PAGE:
This is a mere one study from one location, but we can see from this collection of data that wolves are prey driven as well as opportunistic. The frequency of garbage and vegetation consumption shows just how opportunistic and versatile wolves truly are. And, the same holds true for our domestic canines. We can see quite clearly that over the past one hundred fifty years, most dogs consumed commercial dog food. Kibble gained popularity for its simplicity and affordability. Kibble also proved the facultative nature of our canine companions. Since kibble was and still is primarily carbohydrates with low quality protein sources, the fact that domestic dogs have not been exterminated by the pet food industry speaks volumes. Let’s look at this further.

Over the past one hundred fifty years of commercial dog food production, scientific study and the nutritional analyses of canine needs and requirements has increased and improved. One such recent scientific study looked at the DNA of wolves and domestic dogs comparing the genes that code for pancreatic amylase. Pancreatic amylase is the enzyme required for carbohydrate digestion and assimilation. What the study showed us is wolf DNA contains a mere two gene copies that code for amylase while the domestic dog’s DNA contains anywhere from four to thirty gene copies that code for amylase. This is a possible twenty-eight fold increase in this gene expression in some of our domestic breeds compared with their near-identical DNA counter-part the wolf. Carol Beuchat, PhD wrote an article outlining the AMY2B amylase gene code in an article entitled, “A Key Genetic Innovation in Dogs: Diet3” where she outlines the specific findings. So what does this mean? These findings show the canine’s ability to turn gene expression on and off as a direct result of carbohydrate consumption, hence their facultative ability. Additionally, this shows us that nutrition plays a major role in influencing DNA. It should be clearly understood that this adaptation in the absence of prey is a survival mechanism. It allows for the dog to survive, yet not necessarily thrive. For our domestic companions, the gene expression has been turned on and thus passed along to the next generations as a result of their consistent (long-term) consumption of commercially produced pet foods.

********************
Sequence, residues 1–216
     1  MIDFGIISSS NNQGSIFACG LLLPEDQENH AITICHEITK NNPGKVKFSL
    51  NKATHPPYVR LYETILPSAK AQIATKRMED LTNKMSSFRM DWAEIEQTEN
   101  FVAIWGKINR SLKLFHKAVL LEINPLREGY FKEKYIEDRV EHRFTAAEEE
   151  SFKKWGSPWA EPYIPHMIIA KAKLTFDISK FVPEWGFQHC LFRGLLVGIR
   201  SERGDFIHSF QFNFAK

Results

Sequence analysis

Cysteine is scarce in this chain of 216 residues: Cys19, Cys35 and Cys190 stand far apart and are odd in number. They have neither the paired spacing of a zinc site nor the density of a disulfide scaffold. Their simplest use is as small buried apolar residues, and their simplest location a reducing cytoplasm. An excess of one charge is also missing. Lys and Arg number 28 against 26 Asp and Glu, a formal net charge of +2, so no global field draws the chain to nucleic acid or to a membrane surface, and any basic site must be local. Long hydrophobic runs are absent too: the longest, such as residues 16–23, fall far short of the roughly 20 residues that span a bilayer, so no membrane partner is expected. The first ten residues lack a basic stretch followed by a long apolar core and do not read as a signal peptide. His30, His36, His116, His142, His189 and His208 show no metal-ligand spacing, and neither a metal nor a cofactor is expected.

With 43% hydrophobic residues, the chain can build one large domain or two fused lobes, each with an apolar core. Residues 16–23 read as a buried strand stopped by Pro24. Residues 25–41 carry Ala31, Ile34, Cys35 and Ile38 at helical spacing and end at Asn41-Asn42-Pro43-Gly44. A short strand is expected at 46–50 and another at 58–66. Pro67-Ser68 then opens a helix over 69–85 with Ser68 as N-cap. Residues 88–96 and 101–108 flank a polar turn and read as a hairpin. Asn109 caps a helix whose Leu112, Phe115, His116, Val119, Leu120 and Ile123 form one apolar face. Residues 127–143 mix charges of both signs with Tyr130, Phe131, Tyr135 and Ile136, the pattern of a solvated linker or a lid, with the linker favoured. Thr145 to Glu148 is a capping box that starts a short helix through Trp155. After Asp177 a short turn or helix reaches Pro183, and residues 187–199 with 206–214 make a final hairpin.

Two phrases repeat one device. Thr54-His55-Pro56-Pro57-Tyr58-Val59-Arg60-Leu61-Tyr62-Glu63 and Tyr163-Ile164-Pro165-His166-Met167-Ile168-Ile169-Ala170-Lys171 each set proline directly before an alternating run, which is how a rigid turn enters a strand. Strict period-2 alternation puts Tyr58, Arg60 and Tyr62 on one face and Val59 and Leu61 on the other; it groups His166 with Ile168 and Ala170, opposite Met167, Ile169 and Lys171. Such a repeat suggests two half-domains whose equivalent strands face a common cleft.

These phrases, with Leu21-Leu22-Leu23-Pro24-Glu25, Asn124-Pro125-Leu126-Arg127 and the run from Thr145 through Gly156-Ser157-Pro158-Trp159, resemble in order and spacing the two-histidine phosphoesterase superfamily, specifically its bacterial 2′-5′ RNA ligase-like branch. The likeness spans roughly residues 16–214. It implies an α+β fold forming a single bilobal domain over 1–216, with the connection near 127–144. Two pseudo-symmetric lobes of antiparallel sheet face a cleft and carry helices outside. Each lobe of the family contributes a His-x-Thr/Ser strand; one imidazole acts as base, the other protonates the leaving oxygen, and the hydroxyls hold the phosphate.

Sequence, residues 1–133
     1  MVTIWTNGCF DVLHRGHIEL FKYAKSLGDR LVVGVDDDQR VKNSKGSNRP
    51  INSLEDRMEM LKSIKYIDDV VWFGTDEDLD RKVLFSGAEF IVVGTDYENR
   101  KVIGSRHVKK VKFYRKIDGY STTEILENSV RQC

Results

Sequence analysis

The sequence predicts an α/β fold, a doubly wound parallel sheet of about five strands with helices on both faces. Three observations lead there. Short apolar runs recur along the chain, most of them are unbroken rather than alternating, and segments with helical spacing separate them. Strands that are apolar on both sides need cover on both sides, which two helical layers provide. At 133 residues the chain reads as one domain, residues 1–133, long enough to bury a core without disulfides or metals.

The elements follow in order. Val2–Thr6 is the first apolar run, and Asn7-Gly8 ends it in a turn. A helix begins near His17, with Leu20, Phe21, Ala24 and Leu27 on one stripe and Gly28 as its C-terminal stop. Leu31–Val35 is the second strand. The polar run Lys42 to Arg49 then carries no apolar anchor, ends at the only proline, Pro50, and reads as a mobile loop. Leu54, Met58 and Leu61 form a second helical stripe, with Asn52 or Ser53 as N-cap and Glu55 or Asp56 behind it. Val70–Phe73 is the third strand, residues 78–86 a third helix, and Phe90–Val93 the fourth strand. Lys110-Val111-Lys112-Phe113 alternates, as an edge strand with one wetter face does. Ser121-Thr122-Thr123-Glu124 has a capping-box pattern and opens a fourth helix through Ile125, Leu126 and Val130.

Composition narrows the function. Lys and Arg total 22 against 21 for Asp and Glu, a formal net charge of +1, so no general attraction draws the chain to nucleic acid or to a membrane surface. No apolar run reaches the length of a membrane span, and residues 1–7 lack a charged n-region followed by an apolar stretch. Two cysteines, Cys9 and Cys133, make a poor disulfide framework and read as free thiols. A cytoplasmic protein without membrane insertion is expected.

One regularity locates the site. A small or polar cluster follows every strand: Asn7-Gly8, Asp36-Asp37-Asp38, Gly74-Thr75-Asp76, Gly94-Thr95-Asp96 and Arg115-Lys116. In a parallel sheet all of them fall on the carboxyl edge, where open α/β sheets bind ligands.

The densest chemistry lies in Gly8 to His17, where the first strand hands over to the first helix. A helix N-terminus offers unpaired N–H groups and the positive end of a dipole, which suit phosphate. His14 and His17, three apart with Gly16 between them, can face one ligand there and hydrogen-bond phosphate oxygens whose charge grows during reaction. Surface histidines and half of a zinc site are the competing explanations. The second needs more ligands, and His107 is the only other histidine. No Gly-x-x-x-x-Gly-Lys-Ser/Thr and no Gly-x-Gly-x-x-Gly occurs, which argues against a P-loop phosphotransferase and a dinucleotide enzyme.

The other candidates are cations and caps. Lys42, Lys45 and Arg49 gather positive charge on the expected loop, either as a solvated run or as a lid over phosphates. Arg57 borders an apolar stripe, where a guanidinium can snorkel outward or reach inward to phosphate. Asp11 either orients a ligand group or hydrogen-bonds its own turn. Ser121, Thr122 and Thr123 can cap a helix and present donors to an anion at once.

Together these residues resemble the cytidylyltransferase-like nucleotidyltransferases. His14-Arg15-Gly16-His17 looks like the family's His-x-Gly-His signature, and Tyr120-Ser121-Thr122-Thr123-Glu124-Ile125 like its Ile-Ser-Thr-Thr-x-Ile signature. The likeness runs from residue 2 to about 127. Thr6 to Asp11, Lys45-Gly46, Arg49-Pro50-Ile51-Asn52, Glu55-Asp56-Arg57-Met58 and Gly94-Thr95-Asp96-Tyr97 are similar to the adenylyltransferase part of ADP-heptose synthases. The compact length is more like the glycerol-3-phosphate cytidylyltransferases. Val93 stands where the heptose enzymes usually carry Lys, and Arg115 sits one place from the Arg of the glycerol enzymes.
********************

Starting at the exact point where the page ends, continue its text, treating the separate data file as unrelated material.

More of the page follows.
Long before studies such as this provided DNA based findings, observation alone proved the facultative nature of the dog. As noted above, the fact that dogs have not been exterminated as a result of their consumption of high-carbohydrate processed foods is proof enough. It is unfortunate, however, that this adaptive trait has been abused by dog food companies in an attempt to promote their kibbles and claims that dogs are omnivorous and not true carnivores. As clearly discussed above, nothing could be further from the truth and is clearly indicated by the rapid increase in chronic disease and mortality among domestic dogs. Just because a dog can be nutritionally abused without dying immediately does not make it right to subject them to a lifetime of cellular onslaught and the increased potential for chronic disease and reduced longevity.

On account of the increase in chronic disease and mortality among pets, a return to homemade meals for the family dog began to surface and regain popularity. This sudden new wave of feeding the four-legged family member demanded that we take a critical look at how and what we feed our dogs. Dr. Ian Billinghurst, an Australian veterinarian, was one such person who understood that a dog’s health and wellness was dependent upon consuming a species-appropriate diet. His now famous book, “Give Your Dog a Bone,” released at a Bichon Frise convention in Sydney on November 17th in 1993, gained tremendous attention, both good and bad. Worldwide, people began to slowly gain the confidence and take the responsibility to feed their dogs a fresh, whole food diet. Unfortunately, this was bad news for the dog food industry. This nutritional plan became known as the BARF diet; initially Bones and Raw Food, it is now known as Biologically-Appropriate Raw Food. Due to Dr. Billinghurst’s effort, several more raw food models began to develop along with clever advertising from the pet food industry and the promotion of false studies and claims in order to convince pet parents that they alone, the giants of the pet nutrition world, knew how best to feed our beloved pets. However, this also led to the production of commercially prepared raw food diets.

Enter the American Association of Feed Control Officials (AAFCO) and the National Research Council (NRC). AAFCO was established to discover which nutrients needed to be added to commercial feed to prevent the death of dogs consuming the commercial pet foods. Just as the United States Recommended Daily Allowance (USRDA) was established during WWII to prevent disease and malnourishment in soldiers overseas and in combat zones, AAFCO was established for a similar purpose: to prevent malnourishment and death in pets consuming commercial feed. Understand that the USRDA was established to set standards that prevented disease and death, not to keep people well long-term, and so too, AAFCOs minimum nutrient requirements are not meant to necessarily produce optimal health, but to provide a standard that prevented nutrient-deficient pathologies and death in pets consuming commercially processed foods. Since 1930, AAFCO’s established Proficiency Testing Program has supported feed-testing laboratories utilizing their four unique proficiency testing schemes to ensure pets receive the nutrients they need. Like AAFCO, the NRC serves to review published research followed by generating nutrition reports based upon said research. This research is completed to set a standard and to serve as a guide that establishes minimum and maximum nutrient requirements for processed foods. Minimums are necessary to set the floor or baseline requirements in order that pet foods not fall below.